“Mirror Ball,” Anne Collier
Every month a few of us and our mentor Kristin have the opportunity to go to LACMA to view photo archives. Each time we go, we view a different theme. On April 28, 2017, we saw photos that all fell under the theme of self-portraits. It was really inspiring and amazing. One of my favorite photos was Mirror Ball by Anne Collier. It’s a photo of a disco ball with fragments of Anne Collier’s reflection looking back at us. It portrayed the message of scatteredness and unbalance. As if something was off and she wasn’t fully in her right mind. It was so interesting to me that she decided to show that side of her.
Taking a self-portrait is all about showing who you are and being vulnerable. Photographer Anne Collier did just that, and to that, I applaud her. I have never seen this photo prior to my visit. In fact, I had never seen any of the photos we looked at. I think that it was really important and valuable for us to have seen all these self-portraits so that we can become inspired. We all just got done creating our own self-portraits and exhibiting them. Seeing these photos gave me different ideas of things I can do for my next projects. Continue reading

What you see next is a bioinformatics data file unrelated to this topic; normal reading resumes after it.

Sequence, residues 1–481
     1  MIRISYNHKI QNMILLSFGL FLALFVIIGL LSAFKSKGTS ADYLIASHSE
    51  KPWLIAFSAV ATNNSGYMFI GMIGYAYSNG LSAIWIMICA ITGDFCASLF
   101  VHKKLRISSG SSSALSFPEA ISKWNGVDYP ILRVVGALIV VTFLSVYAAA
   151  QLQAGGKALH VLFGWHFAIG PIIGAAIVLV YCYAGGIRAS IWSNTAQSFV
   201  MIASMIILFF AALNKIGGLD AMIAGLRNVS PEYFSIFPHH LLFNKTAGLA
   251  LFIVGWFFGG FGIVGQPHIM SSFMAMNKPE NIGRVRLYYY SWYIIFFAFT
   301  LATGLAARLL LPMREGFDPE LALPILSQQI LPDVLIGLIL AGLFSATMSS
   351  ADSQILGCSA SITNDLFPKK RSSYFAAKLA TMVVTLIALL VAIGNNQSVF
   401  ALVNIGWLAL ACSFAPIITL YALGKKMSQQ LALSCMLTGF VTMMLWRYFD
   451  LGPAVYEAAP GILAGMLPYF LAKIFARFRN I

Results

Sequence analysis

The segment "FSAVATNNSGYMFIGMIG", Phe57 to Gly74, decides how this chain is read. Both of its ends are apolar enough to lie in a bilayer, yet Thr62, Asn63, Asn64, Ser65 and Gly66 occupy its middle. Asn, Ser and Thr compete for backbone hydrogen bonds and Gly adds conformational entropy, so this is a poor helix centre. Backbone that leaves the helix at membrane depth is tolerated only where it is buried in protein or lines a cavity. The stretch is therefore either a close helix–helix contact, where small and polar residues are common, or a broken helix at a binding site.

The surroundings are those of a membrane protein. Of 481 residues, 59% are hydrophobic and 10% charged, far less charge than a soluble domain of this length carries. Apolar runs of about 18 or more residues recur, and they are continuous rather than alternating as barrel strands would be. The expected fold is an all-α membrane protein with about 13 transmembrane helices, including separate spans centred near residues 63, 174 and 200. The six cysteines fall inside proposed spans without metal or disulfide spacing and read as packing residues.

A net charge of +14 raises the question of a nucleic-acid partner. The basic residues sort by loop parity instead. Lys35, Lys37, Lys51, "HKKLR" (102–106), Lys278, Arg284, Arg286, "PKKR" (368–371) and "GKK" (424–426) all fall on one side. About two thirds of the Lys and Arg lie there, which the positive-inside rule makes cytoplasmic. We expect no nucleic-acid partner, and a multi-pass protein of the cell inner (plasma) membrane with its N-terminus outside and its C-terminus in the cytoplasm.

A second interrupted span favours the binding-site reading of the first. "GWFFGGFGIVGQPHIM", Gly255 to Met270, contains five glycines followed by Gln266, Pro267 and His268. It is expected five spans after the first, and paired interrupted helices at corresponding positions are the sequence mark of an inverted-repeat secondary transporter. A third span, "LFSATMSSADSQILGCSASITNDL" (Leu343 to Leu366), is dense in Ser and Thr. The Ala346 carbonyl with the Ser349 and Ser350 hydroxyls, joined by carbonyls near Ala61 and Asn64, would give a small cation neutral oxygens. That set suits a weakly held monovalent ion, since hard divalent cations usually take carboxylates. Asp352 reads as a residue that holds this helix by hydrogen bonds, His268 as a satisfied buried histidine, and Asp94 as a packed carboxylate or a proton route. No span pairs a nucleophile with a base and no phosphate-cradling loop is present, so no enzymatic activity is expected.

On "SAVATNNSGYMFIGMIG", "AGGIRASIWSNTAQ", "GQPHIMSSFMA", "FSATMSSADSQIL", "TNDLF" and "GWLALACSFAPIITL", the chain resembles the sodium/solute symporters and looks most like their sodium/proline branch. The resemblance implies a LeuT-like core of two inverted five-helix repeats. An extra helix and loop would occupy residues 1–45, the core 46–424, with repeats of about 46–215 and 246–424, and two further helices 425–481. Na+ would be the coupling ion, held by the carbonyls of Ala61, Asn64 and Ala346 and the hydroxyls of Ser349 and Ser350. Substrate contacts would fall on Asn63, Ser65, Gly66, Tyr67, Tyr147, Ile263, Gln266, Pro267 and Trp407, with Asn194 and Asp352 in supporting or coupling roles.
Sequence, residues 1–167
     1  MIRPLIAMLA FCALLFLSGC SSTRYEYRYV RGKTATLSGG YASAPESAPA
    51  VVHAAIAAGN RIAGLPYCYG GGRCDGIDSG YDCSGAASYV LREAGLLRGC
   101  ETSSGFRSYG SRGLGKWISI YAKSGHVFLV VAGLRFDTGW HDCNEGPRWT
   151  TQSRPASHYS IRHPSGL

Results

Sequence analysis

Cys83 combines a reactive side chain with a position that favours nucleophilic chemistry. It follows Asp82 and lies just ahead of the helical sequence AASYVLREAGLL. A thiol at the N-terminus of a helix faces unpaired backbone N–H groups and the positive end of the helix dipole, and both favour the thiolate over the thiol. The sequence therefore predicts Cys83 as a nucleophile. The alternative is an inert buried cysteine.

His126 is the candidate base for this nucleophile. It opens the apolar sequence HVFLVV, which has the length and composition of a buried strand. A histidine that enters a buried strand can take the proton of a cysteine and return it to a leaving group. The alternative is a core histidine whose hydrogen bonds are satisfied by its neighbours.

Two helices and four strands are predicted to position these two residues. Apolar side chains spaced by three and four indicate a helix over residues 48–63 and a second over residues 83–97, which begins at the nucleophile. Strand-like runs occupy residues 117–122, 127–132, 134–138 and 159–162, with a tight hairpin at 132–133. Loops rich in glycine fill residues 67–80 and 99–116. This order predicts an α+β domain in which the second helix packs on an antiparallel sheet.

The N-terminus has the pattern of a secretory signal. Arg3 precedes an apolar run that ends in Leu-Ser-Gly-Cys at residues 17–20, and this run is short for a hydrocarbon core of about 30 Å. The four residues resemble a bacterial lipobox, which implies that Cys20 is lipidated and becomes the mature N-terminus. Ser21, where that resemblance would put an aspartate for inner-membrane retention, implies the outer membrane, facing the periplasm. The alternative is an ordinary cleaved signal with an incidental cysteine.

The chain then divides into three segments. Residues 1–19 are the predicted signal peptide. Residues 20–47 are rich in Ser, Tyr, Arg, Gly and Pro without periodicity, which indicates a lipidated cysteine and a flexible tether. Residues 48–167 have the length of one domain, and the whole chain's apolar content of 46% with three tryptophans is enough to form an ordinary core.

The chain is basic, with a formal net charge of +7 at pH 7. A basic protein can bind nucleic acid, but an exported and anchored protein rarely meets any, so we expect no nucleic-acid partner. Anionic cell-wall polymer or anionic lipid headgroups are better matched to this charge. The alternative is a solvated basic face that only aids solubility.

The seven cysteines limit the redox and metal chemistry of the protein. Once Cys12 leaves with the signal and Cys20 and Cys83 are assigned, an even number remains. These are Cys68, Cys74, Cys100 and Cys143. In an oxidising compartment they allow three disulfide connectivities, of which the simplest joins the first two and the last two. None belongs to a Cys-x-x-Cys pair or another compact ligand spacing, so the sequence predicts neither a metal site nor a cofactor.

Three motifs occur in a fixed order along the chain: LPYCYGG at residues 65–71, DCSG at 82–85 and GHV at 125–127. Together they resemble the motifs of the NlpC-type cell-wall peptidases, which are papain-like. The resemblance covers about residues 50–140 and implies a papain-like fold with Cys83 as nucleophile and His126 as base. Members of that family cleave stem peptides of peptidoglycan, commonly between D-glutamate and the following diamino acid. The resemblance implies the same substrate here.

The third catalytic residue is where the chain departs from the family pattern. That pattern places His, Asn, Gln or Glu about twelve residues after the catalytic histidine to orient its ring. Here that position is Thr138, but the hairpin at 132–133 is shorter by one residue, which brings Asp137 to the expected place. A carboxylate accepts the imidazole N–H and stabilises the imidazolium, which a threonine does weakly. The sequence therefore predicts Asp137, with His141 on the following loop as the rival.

During our last trip to the LACMA on March 31st, 2017, my mentor Kristin and fellow mentees Natalia, Metztli and Textli dove deep into fifteen images from the archives that were made by female photographers. All of the images were new to me with the exception of the image by Diane Arbus. I enjoyed looking at them and holding a dialogue on their possible hidden or not so hidden meanings. I learned that female photographers have been challenging the mostly male dominated field since the beginning, which to me is powerful because it proves that photography is for those who want to convey the world that they experience, regardless of class and gender.
“Self Portrait in the Mirror at the Lodge, Belmont, MA,” Nan Goldin
My favorite image was Self-Portrait in the Mirror at the Lodge by Nan Goldin. This image was my favorite because it was truthful and I really connected with it on a personal level. For the most part each image made me feel a unique way. Some of the images like Diane Arbus’ Russian Midget Friends in a Living Room on 100th Street, NYC made me feel curiosity, while the image The Hispanic Project by Nikki S. Lee slightly frustrated me as I felt it was culturally appropriating Latino culture without showcasing appreciation.
Other images such as Imogen Cunningham and Twinka, Yosemite and Nude with Hat Shadows sparked the conversation on how nudity in images doesn’t have to showcase a provocative vibe. Women photographers can celebrate the female anatomy and not dehumanize and objectify it, as may be the case with some male photographers.